There are precious few historical markers in any of the writings of this so-called pauline corpus. 

One that there is 2 Corinthians 11

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32 In Damascus the governor under King Aretas had the city of the Damascenes guarded in order to arrest me.

Xtians twist their scrotums into a pretzel trying to insist that the Aretas in this line is Aretas the 4th who is last seen in history fleeing the armies of Lucius Vitellius the Imperial Legate of Syria in 37 AD after foolishly attacking Herod Antipas, a Roman ally.  Aretas IV died in 40 surviving that long only because Tiberius died and Vitellius decided to wait for further orders from Caligula.  Vitellius' main job was to keep an eye on the Parthians, not to clean up some shithole in the desert, and if the Parthians were going to try anything it would be during the confusion brought on by the death of the emperor. 

What is interesting here is that Josephus reports that Aretas III also of Nabatea did take control of Damascus and held it for 20 years.  The problem for jesus freaks is that those 20 years were between 84 and 64 BC which doesn't do any of this jesus shit a whole lot of good, does it?  In 64 BC, Gnaeus Pompeius and his legions came rolling through the region and it was he who took Damascus from Aretas III and no Roman historian subsequently mentions that the Romans ever gave Damascus to anyone. 

I have never run into any xtian apologist who is willing to tackle this anomaly.  They all act as if I am suddenly speaking Greek!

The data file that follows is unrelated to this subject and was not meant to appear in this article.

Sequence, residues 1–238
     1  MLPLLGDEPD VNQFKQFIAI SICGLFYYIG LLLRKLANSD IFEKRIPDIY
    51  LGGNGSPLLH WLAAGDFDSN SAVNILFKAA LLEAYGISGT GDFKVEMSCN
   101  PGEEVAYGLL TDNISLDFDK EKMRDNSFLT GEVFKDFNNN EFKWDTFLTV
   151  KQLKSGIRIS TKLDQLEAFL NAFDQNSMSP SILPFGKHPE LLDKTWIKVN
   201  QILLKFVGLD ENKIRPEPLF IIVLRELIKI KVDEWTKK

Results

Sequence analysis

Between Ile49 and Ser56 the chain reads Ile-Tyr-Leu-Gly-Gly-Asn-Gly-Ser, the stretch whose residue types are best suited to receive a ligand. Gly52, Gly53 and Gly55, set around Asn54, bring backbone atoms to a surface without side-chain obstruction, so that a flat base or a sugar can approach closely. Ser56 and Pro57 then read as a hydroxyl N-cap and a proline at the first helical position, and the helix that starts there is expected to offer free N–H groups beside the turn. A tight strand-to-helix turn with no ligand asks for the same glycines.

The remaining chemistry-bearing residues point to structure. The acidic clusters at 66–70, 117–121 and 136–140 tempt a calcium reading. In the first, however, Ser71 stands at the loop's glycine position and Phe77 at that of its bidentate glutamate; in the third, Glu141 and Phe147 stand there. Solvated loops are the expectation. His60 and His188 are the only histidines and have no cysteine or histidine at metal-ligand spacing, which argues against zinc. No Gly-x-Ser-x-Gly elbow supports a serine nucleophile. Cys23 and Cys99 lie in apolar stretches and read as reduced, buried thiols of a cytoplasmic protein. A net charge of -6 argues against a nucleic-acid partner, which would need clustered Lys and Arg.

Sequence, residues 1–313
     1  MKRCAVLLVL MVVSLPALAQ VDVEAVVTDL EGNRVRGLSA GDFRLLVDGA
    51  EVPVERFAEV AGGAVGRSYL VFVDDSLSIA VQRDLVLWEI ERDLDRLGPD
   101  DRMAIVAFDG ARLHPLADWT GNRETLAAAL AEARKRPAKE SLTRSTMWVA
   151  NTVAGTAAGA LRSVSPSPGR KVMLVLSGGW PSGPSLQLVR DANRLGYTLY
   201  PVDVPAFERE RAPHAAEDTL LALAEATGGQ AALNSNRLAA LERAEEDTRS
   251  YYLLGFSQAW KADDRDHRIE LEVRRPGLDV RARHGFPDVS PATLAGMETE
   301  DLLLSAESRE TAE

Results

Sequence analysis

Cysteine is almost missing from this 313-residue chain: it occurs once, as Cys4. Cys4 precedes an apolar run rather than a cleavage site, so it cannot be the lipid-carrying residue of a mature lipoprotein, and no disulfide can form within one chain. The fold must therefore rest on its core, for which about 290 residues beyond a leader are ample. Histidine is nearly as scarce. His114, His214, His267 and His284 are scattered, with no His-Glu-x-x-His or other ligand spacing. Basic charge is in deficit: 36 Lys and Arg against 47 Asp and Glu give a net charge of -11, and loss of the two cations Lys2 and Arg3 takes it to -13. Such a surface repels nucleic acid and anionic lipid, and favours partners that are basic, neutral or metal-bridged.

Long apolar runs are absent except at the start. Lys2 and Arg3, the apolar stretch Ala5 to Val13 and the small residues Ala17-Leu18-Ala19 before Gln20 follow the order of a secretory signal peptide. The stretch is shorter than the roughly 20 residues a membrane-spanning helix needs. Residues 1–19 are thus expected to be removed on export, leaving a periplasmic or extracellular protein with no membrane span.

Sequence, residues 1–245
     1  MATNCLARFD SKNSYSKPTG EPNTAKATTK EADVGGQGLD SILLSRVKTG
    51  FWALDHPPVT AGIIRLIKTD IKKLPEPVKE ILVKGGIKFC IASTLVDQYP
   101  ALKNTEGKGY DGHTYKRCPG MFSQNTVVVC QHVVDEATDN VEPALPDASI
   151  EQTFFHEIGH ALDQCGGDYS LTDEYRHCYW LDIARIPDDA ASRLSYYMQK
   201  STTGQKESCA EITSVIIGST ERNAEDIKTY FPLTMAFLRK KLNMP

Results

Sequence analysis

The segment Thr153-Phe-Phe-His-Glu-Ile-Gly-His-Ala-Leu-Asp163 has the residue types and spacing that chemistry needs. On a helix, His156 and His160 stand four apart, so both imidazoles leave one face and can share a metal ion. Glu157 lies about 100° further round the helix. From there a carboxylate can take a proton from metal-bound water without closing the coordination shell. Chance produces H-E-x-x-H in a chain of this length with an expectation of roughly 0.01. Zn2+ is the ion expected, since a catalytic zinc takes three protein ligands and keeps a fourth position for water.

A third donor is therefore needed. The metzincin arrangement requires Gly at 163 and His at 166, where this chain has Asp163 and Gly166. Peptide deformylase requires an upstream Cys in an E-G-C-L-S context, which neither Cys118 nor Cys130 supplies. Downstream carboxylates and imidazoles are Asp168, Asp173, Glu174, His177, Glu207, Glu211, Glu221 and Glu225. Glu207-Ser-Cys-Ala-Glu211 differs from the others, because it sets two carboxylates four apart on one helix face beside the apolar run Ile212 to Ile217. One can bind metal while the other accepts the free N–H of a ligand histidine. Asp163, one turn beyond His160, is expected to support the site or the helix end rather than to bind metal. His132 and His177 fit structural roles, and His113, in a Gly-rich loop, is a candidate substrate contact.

The Christian church, in its attitude toward science, shows the mind of a more or less enlightened man of the Thirteenth Century. It no longer believes that the earth is flat, but it is still convinced that prayer can cure after medicine fails.

-- H. L. Mencken

Offline Baruch

Re: CAESAR'S MESSIAH: The Roman Conspiracy to Invent Jesus - OFFICIAL VERSION
« Reply #13 on: December 20, 2018, 04:02:53 PM »
Unbeliever - SFgate article mentions the Didache in the first paragraph.  This document is crucial for early Jewish Christianity.
𐎍𐎜𐎜𐎟𐎌𐎀𐎍𐎎𐎀𐎀𐎚𐎀𐎟𐎍𐎜𐎜𐎟𐎁𐎀𐎍𐎉𐎀𐎀𐎚𐎀
luu shalmaata luu balt’aata
May you be well, may you be healthy

Re: CAESAR'S MESSIAH: The Roman Conspiracy to Invent Jesus - OFFICIAL VERSION
« Reply #14 on: December 20, 2018, 04:47:03 PM »
Another completely anonymous writing. Some considered it canonical, others rejected it. Some scholars think it was late second century, others that it was first century.

What do you make of it?
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"The price of freedom of religion, or of speech, or of the press, is that we must put up with a good deal of rubbish."
Robert Jackson, Associate Justice of the United States Supreme Court (1941–1954)